With Odin (Anthony Hopkins) gone, his hidden first born child, Hela (Cate Blanchett) ascends onto Asgard to deliver the prophesied apocalypse Ragnarok. Thor (Chris Hemsworth) and Loki (Tom Hiddleston) try to stop her, but they’re catapulted to planet Sakaar and captured by bounty hunter, Valkyrie (Tessa Thompson). Brought to the Grandmaster (Jeff Goldblum), the god of thunder is shaved, electrocuted and pitted against the reigning arena champion, the Hulk (Mark Ruffalo). Reluctantly teaming up with his trickster brother and the jolly green giant, the group try to escape Sakaar and save their home world from ultimate destruction.
This is definitely the best of the Thor trilogy in design, story and character. Then again, the other two movies have squandered the hero’s potential compared to other teammates in the Marvel Cinematic Universe, so is that really saying much? Yes and no. There’s a double edge sword effect for everything good, so click away now if you’ve yet to see Thor Ragnarok as this will contain spoilers.
Let’s take a moment to be thankful that Earth characters like Natalie Portman and Kat Dennings were finally cut from the growing cast. And the main alumni work very well as a group bouncing off each other and individually creating a multi-genre buddy, prison-break, action, comedy. Chris Hemsworth is let loose with his charm and surprising natural comedic chops underneath his Schwarzenegger build. Mark Ruffalo gives two dual performances for the price of one juggling the Hulk with the mindset of a toddler (His half man half monster persona is a welcome breath of fresh air) and Banner with a constant uncertainty of the worst around the corner. And of course, Tom Hiddleston is back to steal the show as Loki with his cynicism, dedication to slapstick and manipulative personality. Do I even need to bring up Jeff Goldblum at this point? He gives the performance you know he’ll deliver from Jurassic Park complete with a giant hologram of himself with his traditional Um’s and Ahh’s. But with the growing cast, there’s some that don’t get enough attention like Hela. Cate Blanchett chews the scenery like bubble gum and has a great set-up, but because Jeff Goldblum is the obvious center of attention she gets sidelined to the point where it’s jarring to cut back to Asgard. Granted, her giant wolf is a hidden wonder of the world, but in the end Doctor Strange’s cameo was more memorable than she was. It doesn’t help that Idris Elba is also fighting for a spotlight during his Robin Hood subplot of saving the common folk. Meanwhile, every new character from Korg to Valkyrie to even the main character are fighting to be the standout comic relief. For the new characters it doesn’t work because they need to be introduced with the rest of the group. Apparently there was a lot of improvising on set and it really show. Sometimes there are hard hitting laughs like when Loki is reunited with the puny god wrangler. But other times they come at inappropriate moments when the drama needs to play out. When Asgard is destroyed in the end it should sink in that the once mighty kingdom is now gone. But instead it’s treated as a unfunny punchline. Imagine if a similar outcome happened when Yandu sacrificed himself in Guardians of the Galaxy Volume 2.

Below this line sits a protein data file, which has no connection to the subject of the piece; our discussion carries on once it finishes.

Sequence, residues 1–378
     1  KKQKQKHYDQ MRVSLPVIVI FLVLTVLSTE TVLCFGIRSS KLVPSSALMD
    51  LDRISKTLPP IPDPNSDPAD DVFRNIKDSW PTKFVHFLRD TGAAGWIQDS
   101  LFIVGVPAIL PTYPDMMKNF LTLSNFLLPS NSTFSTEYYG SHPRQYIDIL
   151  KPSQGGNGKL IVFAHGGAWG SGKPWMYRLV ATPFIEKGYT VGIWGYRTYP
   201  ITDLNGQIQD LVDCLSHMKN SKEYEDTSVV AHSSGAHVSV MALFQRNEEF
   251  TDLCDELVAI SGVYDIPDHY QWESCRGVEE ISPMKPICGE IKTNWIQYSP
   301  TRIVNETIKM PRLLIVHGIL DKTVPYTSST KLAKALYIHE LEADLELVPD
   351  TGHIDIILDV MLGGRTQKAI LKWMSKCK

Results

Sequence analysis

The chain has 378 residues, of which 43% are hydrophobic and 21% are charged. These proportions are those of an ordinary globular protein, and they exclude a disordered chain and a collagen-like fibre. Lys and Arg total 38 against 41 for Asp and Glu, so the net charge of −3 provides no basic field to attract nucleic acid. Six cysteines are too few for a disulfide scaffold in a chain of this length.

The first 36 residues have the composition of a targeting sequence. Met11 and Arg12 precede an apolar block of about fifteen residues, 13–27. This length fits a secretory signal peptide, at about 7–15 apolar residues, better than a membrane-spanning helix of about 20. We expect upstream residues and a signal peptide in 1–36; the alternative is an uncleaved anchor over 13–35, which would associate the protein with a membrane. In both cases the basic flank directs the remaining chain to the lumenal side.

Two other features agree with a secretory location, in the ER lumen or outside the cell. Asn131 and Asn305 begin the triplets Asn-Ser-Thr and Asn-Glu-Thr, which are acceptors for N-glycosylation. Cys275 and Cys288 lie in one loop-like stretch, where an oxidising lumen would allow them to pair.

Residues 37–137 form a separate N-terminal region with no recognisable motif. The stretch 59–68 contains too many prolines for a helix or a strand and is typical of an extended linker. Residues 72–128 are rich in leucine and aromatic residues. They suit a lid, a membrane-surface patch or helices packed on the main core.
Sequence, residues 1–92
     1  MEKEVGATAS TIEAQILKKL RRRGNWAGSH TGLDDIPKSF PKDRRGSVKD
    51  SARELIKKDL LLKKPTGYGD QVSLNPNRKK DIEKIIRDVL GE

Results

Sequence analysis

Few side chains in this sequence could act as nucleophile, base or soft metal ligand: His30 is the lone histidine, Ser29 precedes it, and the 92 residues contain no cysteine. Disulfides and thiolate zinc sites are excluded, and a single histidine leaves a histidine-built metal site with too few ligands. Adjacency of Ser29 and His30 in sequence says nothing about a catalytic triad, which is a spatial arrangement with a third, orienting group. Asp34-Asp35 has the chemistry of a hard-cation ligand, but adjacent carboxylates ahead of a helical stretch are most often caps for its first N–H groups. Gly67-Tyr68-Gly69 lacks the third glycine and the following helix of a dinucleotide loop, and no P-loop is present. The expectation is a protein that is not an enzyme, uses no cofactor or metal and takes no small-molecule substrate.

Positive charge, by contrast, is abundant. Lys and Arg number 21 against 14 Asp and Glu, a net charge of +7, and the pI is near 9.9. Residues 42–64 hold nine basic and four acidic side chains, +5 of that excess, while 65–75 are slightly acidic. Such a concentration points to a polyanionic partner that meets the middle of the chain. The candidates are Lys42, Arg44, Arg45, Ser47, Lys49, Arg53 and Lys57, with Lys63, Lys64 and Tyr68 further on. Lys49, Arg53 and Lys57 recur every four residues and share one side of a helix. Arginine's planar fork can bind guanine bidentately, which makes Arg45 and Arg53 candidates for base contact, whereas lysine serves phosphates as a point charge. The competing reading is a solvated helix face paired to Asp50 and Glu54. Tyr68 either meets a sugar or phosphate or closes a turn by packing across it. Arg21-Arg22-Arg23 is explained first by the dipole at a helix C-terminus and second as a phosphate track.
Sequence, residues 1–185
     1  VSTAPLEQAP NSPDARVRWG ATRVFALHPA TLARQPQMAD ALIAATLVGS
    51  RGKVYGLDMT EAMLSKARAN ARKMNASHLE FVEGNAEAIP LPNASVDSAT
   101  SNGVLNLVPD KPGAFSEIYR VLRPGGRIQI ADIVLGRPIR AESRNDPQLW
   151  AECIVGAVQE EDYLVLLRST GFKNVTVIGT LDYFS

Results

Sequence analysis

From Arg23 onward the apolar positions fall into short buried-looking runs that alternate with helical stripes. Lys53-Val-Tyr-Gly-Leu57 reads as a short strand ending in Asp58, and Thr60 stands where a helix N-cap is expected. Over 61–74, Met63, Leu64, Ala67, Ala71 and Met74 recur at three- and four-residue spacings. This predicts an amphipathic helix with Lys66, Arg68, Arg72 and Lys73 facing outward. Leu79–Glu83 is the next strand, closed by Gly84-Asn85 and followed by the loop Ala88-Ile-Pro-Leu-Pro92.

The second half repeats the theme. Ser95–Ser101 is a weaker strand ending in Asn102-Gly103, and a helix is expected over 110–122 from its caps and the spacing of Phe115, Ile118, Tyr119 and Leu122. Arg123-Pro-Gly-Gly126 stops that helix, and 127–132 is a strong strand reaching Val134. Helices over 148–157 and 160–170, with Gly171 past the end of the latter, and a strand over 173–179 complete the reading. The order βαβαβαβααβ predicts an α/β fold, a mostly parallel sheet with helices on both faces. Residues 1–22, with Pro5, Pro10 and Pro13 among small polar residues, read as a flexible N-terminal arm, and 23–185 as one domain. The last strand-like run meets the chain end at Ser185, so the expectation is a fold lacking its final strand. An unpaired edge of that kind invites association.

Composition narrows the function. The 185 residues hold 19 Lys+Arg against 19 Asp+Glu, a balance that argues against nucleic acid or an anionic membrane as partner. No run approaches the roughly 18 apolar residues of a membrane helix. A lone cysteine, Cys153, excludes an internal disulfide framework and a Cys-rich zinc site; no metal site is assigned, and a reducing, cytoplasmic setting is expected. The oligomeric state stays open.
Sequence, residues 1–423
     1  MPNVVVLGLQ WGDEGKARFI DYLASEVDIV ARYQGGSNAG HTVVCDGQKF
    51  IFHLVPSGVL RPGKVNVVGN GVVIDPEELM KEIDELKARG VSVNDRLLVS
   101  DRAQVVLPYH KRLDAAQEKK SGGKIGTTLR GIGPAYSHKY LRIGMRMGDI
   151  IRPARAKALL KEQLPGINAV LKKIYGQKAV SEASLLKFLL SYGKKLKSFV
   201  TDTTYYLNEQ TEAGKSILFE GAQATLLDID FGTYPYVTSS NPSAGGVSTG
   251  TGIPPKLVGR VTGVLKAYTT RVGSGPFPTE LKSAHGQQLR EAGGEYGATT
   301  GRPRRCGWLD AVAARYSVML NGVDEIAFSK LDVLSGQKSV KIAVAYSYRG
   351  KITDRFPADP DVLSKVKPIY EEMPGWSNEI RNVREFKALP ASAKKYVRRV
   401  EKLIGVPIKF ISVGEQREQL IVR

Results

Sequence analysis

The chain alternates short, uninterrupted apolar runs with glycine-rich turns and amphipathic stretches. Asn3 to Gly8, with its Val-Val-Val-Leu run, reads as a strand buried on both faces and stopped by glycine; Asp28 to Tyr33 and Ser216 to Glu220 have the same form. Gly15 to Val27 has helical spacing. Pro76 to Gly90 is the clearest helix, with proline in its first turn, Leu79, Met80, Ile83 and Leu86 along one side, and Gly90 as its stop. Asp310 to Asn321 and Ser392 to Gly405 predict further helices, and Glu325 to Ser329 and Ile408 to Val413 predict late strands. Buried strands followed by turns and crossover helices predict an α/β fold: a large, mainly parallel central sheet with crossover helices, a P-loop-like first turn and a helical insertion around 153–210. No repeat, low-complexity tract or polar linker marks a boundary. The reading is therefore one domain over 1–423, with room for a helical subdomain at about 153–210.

There’s a clearer identity to this adventure when jumping from Asgard to Sakaar and other locations helped by the glowing backgrounds, cinematography and different species populating the universe. When the action gets going, it really gets going, particularly when Hulk smashes all expectations and few corpses are left lying in the training room. And with a giant wolf, there’s bound to be more than a game of fetch with this pooch.
Compared to this year’s comic movies like Logan, Wonder Woman and especially Guardians of the Galaxy Volume 2, Thor Ragnarok comes up a bit short, but it’s still fun on it’s own. I don’t think it was a good idea to turn a serious story like Planet Hulk into a cannon comedy without losing the new twist on the fish-out-of-water trope. But if you can get past the out of place improvising and overshadowed villain, there’s a lot of world variety and smart comedy that should’ve been present in those first two movies. One thing’s for certain, that Led Zeppelin song will stay in everyone’s head for a good long while.
Note: As for the 3D, you will believe a hammer can fly at your face.
Pros: Tom Hiddleston, Jeff Goldblum, charismatic crew, new settings, destructive action, fun comedy, great cameo, axed characters
Cons: Out of context comedy, comic relief face-off, wrong adapted material, overshadowed villain
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